CALIFORNIA CITY, Calif. — Behind the fences surrounding this 40-square-mile outback of cactus and wiry creosote, the largest remaining population of Mojave desert tortoises was soaking up the morning sun and grazing on a mix of wild greens and flowers.
But that didn’t mean the armored beasts were easy to find in a tiny spit of sand that Congress voted to protect in 1980 and designated with a name only herpetologists could love: Desert Tortoise Research Natural Area.
After a few hours of searching in late September, naturalist Lisa LaVelle tramped down a narrow path — past thorny brush that hid rattlesnakes and scorpions — and fixed her eyes on a tortoise the size of a shoebox.
She scanned its carapace for a GPS tracker or an identification tag. After spotting neither, she smiled and said, “Well, hello there! I don’t believe we’ve met before.”
LaVelle, who is part of a team charged with monitoring the overall health of the area’s tortoises, was elated by the discovery. “We have one more tortoise than we thought we had,” she said. “That’s great news for us and a species that needs all the help it can get.”
Sadly, California’s state reptile is hurtling toward extinction. Crushing vehicle strikes, urban encroachment, hungry ravens, military maneuvers, disease, drought, extreme heat, wildfires, illegal marijuana grows and development of massive solar farms are all pushing the species to the brink.
Eight decades ago, the vast Mojave Desert was home to hundreds of tortoises per square mile, with tortoises inhabiting nearly all areas of the desert below an altitude of 3,000 feet. Today, most tortoise populations in California and outside designated recovery areas have fallen to two to three adults per square mile — too few for male and female tortoises to find each other and mate, researchers say.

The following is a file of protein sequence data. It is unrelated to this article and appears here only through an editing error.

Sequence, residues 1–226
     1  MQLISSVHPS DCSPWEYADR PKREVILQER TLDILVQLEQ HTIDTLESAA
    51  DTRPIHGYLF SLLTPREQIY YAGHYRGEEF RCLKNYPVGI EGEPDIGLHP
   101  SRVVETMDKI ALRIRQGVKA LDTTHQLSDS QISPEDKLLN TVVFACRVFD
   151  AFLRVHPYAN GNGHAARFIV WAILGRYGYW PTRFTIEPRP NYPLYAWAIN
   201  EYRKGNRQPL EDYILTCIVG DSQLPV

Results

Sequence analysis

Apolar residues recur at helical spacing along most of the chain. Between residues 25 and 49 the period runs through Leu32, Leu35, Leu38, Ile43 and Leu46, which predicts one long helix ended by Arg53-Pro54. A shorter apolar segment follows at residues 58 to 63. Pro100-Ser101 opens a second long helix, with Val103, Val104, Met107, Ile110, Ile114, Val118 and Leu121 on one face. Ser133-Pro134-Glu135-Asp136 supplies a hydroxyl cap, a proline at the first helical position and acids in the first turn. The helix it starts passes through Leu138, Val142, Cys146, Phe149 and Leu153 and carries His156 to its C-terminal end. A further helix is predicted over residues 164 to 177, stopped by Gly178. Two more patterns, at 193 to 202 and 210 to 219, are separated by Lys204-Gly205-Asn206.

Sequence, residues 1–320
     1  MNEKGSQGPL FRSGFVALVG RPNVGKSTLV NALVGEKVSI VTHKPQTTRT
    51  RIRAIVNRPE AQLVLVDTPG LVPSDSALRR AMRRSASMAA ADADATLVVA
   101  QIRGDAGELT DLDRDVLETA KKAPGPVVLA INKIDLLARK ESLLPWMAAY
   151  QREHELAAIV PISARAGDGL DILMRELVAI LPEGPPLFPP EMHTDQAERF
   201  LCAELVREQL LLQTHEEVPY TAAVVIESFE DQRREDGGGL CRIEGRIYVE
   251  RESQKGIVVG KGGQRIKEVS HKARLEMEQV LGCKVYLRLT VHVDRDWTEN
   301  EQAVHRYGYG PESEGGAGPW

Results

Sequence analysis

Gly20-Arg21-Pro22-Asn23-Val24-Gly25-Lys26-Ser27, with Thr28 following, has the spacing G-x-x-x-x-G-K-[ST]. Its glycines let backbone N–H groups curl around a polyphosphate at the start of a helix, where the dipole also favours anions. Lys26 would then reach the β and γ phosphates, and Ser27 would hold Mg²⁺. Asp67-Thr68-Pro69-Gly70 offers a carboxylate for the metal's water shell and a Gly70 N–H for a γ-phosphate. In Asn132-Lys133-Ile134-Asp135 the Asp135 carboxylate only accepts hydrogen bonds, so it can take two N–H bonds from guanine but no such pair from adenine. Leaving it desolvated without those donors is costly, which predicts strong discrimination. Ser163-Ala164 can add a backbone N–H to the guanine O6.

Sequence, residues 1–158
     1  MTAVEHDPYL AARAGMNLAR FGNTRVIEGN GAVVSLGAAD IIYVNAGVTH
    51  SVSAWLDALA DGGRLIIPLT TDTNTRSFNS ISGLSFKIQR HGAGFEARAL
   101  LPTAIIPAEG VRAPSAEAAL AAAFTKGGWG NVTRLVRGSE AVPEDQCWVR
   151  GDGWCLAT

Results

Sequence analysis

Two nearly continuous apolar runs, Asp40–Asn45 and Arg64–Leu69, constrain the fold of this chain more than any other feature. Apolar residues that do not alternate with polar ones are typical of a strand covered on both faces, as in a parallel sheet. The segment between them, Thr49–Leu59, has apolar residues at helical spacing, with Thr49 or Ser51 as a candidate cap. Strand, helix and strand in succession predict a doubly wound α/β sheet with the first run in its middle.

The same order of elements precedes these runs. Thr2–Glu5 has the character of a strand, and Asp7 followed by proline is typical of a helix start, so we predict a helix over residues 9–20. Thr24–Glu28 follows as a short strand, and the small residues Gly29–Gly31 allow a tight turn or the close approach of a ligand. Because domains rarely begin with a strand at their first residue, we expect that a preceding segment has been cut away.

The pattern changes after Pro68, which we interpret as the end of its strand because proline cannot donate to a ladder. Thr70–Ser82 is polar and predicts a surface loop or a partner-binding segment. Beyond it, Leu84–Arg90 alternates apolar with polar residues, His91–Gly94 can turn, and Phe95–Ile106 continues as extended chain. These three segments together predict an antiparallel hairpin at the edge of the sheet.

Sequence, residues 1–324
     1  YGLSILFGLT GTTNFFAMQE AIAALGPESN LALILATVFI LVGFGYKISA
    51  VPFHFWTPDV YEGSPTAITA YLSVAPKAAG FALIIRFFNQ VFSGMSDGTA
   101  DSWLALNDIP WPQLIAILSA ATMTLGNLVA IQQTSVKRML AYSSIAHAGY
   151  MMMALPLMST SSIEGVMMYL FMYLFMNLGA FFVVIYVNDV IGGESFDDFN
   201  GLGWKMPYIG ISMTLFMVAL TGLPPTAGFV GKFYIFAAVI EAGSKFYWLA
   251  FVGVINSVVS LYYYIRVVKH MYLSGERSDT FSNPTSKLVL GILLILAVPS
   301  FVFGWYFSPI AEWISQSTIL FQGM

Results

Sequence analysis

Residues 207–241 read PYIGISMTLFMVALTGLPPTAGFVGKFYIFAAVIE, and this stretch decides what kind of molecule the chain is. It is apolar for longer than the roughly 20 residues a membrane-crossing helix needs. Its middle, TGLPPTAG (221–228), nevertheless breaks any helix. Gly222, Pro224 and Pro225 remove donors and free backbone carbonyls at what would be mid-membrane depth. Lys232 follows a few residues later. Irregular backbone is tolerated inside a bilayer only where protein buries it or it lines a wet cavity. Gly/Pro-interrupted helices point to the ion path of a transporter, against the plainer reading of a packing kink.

It’s the type of precipitous decline that spurred state lawmakers to adopt the California Endangered Species Act in 1970. The landmark legislation — which grants broad protections to plant and animal species that are deemed endangered or threatened by the state Fish and Game Commission — predated the U.S. Endangered Species Act by three years.
“Over time, the California Endangered Species Act evolved parallel to and in a symbiotic relationship with the federal government’s,” said Brendan Cummings, conservation director for the Center for Biological Diversity. “They influenced each other in changes in substance and implementation of endangered species protections.”
While both laws have been credited with helping to rescue such charismatic avian species as the California condor, bald eagle and peregrine falcon, global warming and human encroachment are outpacing the laws’ ability to safeguard certain plants and animals.